Indie labels are reportedly criticizing – and signaling their openness to pursuing legal action against – Apple Music’s royalty bump for works made available in spatial audio.
This and a number of additional reports were set in motion by Digital Music News’ October of 2023 exclusive about the change at Apple Music. Multiple months passed before different outlets confirmed our coverage, and at least at the outset, these subsequent reports largely lacked fresh information.
In any event, as we noted the better part of four months back, Apple Music is now paying “a higher royalty value” for spatial audio tracks. Late January saw Billboard elaborate that eligible works would benefit from an up to 10 percent boost on the recorded-royalties side.
But rather than deriving from a separate fund, these heightened Apple Music spatial audio payments are being bankrolled by the core royalties pot under the service’s pro-rata model. As the mentioned indie labels see it, the system is transferring compensation from them (as well as other non-major-label players and artists) to today’s biggest-name companies and acts, who are best positioned to release in spatial audio.
(Estimates have attached a $1,000-per-track ballpark expenditure to mixing in spatial audio. Less frequently discussed but decidedly important are related distribution fees. “Artists can add a Dolby Atmos version of their mix per track for $26.99 each – it will be available on supported devices and streaming services including Apple Music and TIDAL,” reads a relevant page on DistroKid’s website.)
As initially highlighted, Apple’s effort to incentivize spatial audio releases (which remain a cornerstone of its business model and wider hardware-software ecosystem) is reportedly eliciting pushback from the likes of Beggars Group, Secretly Group, and Partisan Records.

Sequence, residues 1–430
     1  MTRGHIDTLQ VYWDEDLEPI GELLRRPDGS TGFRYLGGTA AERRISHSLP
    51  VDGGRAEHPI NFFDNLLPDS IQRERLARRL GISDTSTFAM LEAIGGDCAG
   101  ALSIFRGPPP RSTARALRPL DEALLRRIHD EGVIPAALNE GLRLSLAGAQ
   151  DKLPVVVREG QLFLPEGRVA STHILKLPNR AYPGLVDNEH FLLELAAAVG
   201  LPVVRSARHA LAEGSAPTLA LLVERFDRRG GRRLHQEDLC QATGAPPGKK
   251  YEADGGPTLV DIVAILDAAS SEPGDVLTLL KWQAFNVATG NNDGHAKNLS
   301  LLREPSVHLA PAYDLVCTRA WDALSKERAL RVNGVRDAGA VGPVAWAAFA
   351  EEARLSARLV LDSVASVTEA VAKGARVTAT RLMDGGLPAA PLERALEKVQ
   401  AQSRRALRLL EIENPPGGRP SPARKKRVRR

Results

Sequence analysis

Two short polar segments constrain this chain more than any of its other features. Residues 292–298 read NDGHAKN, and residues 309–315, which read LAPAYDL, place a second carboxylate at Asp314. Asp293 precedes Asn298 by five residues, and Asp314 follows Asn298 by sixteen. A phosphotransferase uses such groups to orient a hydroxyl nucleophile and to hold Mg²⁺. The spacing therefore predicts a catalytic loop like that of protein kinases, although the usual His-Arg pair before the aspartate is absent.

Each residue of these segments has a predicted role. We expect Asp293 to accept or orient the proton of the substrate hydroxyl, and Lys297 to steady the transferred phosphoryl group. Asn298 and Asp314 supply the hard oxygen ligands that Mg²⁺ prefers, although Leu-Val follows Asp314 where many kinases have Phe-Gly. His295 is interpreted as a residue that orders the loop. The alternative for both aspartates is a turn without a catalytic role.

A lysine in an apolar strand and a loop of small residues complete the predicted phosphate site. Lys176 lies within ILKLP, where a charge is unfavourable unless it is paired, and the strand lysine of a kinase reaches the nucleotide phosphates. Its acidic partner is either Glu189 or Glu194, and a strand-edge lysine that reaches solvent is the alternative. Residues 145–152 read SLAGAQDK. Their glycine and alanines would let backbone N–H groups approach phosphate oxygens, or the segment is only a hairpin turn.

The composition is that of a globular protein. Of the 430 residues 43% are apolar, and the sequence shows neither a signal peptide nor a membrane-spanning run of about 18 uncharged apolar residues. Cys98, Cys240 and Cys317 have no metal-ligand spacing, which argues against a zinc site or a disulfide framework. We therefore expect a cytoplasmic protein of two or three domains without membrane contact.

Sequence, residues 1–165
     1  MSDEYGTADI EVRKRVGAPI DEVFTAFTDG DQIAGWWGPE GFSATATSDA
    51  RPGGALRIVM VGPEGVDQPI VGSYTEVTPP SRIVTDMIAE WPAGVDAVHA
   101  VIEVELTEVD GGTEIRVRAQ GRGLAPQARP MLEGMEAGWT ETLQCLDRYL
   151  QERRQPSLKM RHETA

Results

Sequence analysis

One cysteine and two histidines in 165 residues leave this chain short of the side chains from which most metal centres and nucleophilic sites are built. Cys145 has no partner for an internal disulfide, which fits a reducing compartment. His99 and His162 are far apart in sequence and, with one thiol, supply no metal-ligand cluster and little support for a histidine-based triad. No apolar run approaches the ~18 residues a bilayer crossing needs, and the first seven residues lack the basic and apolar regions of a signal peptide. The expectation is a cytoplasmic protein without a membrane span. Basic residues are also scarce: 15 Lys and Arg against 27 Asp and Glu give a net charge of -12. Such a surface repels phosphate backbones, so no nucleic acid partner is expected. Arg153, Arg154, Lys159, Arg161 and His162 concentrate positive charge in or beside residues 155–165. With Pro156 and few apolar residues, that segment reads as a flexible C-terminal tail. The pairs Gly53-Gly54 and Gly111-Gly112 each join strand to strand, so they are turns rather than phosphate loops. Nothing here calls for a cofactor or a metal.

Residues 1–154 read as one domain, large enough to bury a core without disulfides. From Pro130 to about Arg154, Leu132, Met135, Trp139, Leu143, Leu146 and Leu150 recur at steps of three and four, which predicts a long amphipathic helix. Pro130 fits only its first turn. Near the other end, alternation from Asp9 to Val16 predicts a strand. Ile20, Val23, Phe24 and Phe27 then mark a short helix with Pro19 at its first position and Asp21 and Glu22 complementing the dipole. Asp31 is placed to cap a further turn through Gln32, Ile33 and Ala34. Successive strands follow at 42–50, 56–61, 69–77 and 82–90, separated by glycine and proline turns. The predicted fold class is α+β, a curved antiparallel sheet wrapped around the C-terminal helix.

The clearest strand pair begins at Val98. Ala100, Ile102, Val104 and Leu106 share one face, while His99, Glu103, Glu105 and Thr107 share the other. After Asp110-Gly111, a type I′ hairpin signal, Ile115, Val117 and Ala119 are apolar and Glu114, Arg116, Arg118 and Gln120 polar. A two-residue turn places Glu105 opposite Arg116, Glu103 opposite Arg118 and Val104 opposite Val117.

According to the Financial Times, these companies recently “expressed concerns about Apple’s policy,” with an anonymous “senior executive at a large independent record company” spelling out the belief that the approach will “‘benefit the biggest player, Universal, because they’re the ones with the resources to invest in that.’”
Meanwhile, unnamed sources also indicated that Apple’s financial assistance in covering some costs associated with certain spatial audio projects won’t solve the problem – especially when it comes to multi-thousand-track back catalogs.
And with different parties yet having questioned the actual artistic worth of spatial audio, execs intend to try and coordinate with Apple to secure the sought policy changes. Should the undertaking fail to bring about the desired result, the professionals “would explore legal or regulatory options,” according this time to “people familiar with the matter.”